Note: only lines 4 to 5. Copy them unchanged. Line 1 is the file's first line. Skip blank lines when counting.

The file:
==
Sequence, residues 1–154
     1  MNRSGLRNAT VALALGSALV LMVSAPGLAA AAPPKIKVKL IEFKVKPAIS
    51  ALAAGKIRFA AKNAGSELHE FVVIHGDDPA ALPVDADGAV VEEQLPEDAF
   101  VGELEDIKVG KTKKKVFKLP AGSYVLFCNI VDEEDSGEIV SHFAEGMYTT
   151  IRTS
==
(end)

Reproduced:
   101  VGELEDIKVG KTKKKVFKLP AGSYVLFCNI VDEEDSGEIV SHFAEGMYTT
   151  IRTS